Once you’ve taken the decision to go ahead with a basement renovation, you need to sit down and start the difficult job of planning the work. Taking the decision is easy – planning and carrying out the work can be full of pitfalls. Many problems that surface during the work period and after, have their roots in poor planning. There are plenty of examples of basement renovations around Toronto that lie in disrepair, their owners having bust their budgets in a big way, in addition to having wasted a lot of time. Getting the planning right is crucial – no matter how good the work is, it can all unravel if mistakes are made at the planning stage.
What Things Can Typically Go Wrong with a Basement Renovation?
Basement renovations can be tricky to plan as there is often no adequate blueprint for the work that needs to be done. Basements all over Toronto vary in size, construction materials, plumbing and electrical circuitry layouts and so on. Everything from the type of soil surrounding the basement, to access and health and safety laws, needs to be considered. The type of basement renovation you want to carry out is also important. Creating a simple storage space, for example, is almost certainly going to be less complicated than building a new bedroom with its own private bathroom. To give you an idea of some of the ways things can go wrong, here are some examples:
- Failing to waterproof your basement – This is asking for serious trouble. Even if you haven’t had noticeable problems with water and moisture seeping through cracks into your basement, it’s simply not worth taking the risk. Water could already be slowly building up, ready to break through at some time in the future. By not sealing your basement properly, and making sure there is adequate drainage, you are putting at risk the entire basement renovation project, along with its contents once it is finished. You could see your budget for the project doubled or tripled by the time the work and repairs have been finished safely.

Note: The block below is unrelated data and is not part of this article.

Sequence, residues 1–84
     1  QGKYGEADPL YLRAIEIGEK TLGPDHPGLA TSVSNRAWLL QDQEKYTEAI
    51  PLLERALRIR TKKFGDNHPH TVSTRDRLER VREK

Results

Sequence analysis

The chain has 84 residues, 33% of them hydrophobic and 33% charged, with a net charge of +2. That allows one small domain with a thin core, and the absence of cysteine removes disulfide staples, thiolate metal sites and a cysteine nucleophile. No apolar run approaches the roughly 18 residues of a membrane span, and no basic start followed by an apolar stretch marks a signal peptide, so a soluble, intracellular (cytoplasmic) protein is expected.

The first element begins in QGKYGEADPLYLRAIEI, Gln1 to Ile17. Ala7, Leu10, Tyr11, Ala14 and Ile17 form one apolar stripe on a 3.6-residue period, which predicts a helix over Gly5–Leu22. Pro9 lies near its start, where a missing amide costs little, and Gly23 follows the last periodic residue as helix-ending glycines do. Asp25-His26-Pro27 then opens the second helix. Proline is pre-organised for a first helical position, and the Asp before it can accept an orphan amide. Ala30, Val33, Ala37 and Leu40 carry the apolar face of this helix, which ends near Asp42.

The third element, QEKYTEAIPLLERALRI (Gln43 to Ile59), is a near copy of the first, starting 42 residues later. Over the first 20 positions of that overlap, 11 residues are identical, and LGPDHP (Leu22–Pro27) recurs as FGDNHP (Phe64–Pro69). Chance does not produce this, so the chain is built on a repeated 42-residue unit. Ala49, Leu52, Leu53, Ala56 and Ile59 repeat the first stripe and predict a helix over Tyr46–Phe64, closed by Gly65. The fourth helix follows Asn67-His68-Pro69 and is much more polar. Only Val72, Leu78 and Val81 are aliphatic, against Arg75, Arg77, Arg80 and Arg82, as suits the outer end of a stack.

- Choosing wooden subfloors, even if they are moisture resistant – Moisture resistant wood serves a lot of useful purposes, but forming a basement floor is not one of them. In the case of untreated wood, it will naturally absorb water and you will notice this by the gradual appearance and smell of mould. While treated wood products may not suffer in the same way on a day-to-day basis, they are still going to be of little use in case of a large buildup of water or a flood – events that come with no announcement and usually catch people off guard. After a storm or a rainy week, it is quite possible that the soil around your basement will become saturated and begin to soak the wooden flooring. As soon as this happens, you are in trouble.
- Failing to have a battery-powered backup sump pump – This is an expense that many resent making at the outset of a basement remodelling project, but it is absolutely essential. Nobody wants to have to use a backup sump pump, just as they don’t want to find themselves finding their way around their home with a flashlight during a power outage. Unfortunately, your primary sump pump is most likely to fail when it is most needed – during a power outage caused by a storm. Not having a battery-powered backup to take over the job puts your basement at serious risk of flooding.
The examples listed above are not meant to scare you or put you off going ahead with your project. They are simply warnings as to what not to do. Bear them in mind at the planning stage and you’ll be able to avoid the heartache they can bring.